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Democrat From Missouri Tosses Hat in '88 Ring

February 23, 1987|United Press International

ST. LOUIS — Rep. Richard A. Gephardt of Missouri today became the first Democrat to declare himself a 1988 presidential candidate, and said "the magic of freedom" enables the sons and daughters of milkmen and secretaries to aspire to high office.

Gephardt, 46, announced his candidacy at a rally in the renovated Union Station, only blocks from where his late father ran a milk route in south St. Louis.

"Today, surrounded by my family and friends, and not far from where I grew up and on the site where Harry Truman accepted victory, I am announcing my candidacy for presidency of the United States," Gephardt said.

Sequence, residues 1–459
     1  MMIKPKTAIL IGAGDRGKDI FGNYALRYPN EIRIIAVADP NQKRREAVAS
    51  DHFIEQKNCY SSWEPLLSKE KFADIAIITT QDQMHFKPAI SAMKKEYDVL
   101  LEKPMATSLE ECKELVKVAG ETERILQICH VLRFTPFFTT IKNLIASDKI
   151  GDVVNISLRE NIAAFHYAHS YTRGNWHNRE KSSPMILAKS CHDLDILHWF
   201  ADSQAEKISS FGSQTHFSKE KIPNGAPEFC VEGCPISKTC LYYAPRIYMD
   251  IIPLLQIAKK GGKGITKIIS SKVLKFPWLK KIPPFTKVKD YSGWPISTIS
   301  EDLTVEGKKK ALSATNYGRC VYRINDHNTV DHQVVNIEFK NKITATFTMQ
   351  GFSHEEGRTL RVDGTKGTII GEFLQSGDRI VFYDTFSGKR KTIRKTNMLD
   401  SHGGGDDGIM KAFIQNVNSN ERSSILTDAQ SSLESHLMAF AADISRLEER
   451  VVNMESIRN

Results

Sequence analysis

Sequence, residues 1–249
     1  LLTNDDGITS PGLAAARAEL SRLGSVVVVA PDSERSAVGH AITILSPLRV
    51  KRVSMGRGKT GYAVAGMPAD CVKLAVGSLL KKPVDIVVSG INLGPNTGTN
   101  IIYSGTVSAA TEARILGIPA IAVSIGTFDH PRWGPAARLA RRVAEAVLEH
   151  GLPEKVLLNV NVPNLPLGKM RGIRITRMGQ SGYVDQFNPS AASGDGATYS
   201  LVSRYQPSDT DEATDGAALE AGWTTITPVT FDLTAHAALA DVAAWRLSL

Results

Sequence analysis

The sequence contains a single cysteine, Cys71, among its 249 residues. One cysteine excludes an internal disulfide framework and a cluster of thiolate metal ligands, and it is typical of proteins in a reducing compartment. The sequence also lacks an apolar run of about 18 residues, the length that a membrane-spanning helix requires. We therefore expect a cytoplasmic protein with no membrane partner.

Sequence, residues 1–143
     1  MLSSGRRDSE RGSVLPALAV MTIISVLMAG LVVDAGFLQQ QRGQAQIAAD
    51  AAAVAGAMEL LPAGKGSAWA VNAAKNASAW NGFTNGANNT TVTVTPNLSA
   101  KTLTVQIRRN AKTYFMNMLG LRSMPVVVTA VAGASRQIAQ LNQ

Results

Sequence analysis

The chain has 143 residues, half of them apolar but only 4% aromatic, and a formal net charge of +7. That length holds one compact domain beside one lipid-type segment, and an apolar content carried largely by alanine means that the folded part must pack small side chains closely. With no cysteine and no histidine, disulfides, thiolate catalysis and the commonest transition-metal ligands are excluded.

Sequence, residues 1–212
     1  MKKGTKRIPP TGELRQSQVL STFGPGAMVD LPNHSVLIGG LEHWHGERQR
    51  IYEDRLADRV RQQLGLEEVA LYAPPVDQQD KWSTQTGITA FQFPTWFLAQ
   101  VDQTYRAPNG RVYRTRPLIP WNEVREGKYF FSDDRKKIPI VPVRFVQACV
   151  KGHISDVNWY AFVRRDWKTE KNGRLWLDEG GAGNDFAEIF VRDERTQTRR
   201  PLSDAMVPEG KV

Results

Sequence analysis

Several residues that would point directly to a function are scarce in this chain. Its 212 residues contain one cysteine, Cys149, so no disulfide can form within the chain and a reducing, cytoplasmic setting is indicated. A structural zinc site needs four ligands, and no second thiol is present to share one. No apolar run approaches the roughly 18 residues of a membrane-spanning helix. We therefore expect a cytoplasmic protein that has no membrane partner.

He acknowledged that he must overcome his lack of name recognition nationally, but said he welcomes the challenge.

"Some campaigns focus primarily on problems. In this campaign and in the presidency itself, you and I will speak for the vast untapped potential and possibilities of America. . . , " he said.

"I reject the view that the challenges are too hard, and that Americans have grown too soft.

"The pessimists do not understand the meaning and the magic of freedom--what the daughters and sons of secretaries and milkmen, farmers and machinists, businessmen and women can do for their country when they are put to the test."

Without mentioning President Reagan by name, Gephardt said the Administration has been lax on enforcing civil rights laws, has failed to live up to nuclear treaties with the Soviets and has violated the law by sending military aid to the contras.

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